This article was published on November 30, 2012

Instagram’s Mike Krieger on apps: are you getting the design right or do you have the right design?

Instagram’s Mike Krieger on apps: are you getting the design right or do you have the right design?
Ken Yeung
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Ken Yeung

Ken Yeung is a reporter for The Next Web based in San Francisco, CA. He carries around a big camera & likes to write about tech, startup Ken Yeung is a reporter for The Next Web based in San Francisco, CA. He carries around a big camera & likes to write about tech, startups, parties, and interesting people. Follow him on Twitter, on Facebook, and Google+.

App and mobile design has come a long way in the past few years, with many popular services shifting their focus more towards to improving the way their apps look. At 500 Startups’ Warm Gun conference, an event focused on design problems in the tech industry, the theme that design and user experience are being treated as “second class citizens” in the community — if you’re not focusing on usability and response time, then “you suck”.

“Do it for the puppies”

Those words came from 500 Startups co-founder Dave McClure. In his opening remarks, he stated that most app designs suck — take a look at the most popular ones out there, like Twitter and Facebook: their mobile experience “sucks” and McClure questioned why that is. Josh Brewer, Principal Designer at Twitter, agreed on the spot and said that Twitter was “working on it”. McClure’s point was this: designing for apps and services is much more than just design — users are “getting screwed on mobile” and people need to pay attention to that.

Refreshing the design process

To show how a company can succeed in the design front, Instagram co-founder Mike Krieger, gave his thoughts about how the company got to a point where they managed to ship a product that they were proud of. In doing so, he told companies to think about whether they’re getting the design right or if they have the right design. To help answer this paradox, Krieger shared eight principles that he feels would help build products that users really want.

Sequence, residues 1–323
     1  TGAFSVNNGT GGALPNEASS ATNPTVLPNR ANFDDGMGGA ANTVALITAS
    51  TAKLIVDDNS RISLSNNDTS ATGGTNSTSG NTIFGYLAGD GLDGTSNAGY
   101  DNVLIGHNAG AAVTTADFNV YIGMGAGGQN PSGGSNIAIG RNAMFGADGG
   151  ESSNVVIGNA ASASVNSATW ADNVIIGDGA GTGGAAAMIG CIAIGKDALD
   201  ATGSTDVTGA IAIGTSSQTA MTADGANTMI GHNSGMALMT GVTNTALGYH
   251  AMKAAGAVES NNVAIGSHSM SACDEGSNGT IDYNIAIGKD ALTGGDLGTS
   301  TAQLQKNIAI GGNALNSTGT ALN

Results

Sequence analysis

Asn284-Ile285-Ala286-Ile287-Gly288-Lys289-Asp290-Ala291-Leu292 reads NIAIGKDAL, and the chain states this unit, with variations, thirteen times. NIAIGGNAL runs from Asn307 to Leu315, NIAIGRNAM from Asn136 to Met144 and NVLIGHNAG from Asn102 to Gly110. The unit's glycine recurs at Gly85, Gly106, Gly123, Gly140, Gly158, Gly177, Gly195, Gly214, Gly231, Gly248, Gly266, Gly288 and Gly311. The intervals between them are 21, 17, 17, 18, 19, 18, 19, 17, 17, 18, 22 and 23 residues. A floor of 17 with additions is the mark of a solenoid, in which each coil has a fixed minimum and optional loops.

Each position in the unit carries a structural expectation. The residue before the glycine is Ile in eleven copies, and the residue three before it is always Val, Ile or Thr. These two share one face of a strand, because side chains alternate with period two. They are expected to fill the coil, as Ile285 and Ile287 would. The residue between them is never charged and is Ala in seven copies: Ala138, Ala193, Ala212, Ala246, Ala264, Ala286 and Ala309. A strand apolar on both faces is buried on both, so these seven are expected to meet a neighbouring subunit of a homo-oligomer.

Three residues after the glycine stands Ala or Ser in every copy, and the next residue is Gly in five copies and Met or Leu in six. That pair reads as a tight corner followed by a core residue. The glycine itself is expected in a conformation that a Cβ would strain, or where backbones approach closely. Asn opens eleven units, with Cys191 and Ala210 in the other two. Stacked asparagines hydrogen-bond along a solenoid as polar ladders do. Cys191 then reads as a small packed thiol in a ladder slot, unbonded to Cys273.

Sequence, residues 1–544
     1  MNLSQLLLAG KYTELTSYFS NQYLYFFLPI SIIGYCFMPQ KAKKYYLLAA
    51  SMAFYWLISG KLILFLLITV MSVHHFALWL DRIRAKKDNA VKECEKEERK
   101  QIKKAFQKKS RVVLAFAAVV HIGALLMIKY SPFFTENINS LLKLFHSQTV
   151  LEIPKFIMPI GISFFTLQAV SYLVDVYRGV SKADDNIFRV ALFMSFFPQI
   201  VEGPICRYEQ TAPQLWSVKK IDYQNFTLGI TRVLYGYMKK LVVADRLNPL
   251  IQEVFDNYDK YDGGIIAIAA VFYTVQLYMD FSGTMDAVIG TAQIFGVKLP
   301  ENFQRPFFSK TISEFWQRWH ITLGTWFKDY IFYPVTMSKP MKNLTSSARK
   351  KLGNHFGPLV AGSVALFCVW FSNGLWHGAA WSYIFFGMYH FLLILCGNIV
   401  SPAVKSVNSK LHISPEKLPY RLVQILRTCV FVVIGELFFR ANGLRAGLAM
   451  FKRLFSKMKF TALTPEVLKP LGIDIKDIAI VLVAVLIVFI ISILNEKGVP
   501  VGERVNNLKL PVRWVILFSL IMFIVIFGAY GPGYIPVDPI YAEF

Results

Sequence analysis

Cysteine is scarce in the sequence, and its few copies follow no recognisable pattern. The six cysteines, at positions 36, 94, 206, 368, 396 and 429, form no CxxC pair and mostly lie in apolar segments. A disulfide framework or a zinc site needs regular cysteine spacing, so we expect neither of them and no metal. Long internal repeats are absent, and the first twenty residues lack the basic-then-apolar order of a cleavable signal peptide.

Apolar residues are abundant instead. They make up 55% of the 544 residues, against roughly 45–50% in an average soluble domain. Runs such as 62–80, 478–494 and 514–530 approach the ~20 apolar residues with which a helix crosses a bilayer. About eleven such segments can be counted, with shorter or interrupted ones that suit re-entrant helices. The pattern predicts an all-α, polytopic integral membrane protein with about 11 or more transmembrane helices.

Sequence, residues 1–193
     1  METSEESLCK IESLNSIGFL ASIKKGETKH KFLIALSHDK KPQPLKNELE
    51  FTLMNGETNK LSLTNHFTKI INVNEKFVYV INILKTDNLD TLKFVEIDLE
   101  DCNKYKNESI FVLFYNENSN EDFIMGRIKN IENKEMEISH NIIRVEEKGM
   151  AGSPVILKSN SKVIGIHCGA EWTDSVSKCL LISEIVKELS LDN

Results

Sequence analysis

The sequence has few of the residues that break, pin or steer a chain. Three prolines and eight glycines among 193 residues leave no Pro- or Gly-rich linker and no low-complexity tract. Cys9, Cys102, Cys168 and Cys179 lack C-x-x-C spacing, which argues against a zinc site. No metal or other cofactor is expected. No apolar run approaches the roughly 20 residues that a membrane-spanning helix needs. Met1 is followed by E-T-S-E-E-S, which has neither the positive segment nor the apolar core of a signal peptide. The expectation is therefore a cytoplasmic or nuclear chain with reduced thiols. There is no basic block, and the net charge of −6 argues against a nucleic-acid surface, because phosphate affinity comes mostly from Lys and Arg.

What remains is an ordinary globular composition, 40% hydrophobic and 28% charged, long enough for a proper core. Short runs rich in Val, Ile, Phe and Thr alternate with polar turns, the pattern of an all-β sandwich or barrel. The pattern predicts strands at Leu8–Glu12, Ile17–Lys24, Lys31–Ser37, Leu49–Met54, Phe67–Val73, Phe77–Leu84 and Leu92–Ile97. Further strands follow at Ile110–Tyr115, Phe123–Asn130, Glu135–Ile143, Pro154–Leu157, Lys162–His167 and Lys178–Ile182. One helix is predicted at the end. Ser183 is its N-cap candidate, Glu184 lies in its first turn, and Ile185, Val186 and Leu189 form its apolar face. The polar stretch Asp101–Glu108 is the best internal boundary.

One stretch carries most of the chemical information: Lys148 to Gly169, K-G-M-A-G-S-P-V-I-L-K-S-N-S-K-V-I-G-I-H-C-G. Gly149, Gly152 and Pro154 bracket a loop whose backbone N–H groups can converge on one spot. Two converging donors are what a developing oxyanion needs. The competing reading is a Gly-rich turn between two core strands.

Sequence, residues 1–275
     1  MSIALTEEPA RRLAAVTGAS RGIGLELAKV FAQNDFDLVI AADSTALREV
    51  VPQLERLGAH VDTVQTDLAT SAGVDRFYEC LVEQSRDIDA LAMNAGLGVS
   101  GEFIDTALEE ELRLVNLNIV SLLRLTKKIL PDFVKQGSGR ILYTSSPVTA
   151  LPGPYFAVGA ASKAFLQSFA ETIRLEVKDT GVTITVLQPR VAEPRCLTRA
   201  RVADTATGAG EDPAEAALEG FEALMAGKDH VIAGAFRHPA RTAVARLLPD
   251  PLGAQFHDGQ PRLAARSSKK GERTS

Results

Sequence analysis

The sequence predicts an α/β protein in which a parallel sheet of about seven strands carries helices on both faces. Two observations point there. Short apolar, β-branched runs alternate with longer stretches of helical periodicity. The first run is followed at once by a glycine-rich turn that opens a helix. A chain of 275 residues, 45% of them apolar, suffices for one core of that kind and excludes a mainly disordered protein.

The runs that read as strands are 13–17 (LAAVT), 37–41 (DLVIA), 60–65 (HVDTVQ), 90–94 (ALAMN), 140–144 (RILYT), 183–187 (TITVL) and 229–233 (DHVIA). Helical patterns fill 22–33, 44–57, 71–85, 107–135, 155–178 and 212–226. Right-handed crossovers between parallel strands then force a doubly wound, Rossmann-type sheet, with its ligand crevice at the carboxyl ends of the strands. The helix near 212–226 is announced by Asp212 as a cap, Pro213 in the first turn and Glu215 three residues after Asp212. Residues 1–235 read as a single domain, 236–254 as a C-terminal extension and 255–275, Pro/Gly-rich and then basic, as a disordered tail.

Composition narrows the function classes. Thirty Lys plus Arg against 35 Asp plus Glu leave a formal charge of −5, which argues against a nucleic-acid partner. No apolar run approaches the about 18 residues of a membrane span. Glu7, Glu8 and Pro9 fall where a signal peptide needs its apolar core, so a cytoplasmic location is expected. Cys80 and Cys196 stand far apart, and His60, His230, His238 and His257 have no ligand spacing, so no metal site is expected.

It appears that the design process isn’t something that has been fully realized by most organizations, according to Krieger. This system focuses on six milestones: understanding, observing, synthesizing, ideating, prototyping, and iterating. The point is to help companies understand just what they’re building and whether there’s a true market need.

  • Understanding: designers need to go out and do some research in order to better understand their audience. And Krieger says that going onto Google doesn’t count — get out into the world and do some primary research. Come with a zen beginner mindset where what should emerge from this are questions about your interviews and research into what you want to solve.
  • Observe: don’t guess what you think your users are doing or what they need, get out there and watch them. Understand your target audience enough so that eventually you’ll get to know people better than they know themselves.
  • Synthesize: come up with something where you can distill insights, which was defined as “something you’re so excited about you tell strangers on the train” and follows the formula of [user] + [need] + [insight] to create a product (e.g. “Smartphone users who take lots of photos need an easy way to share them with their friends while using their smartphones that are on them 24/7”).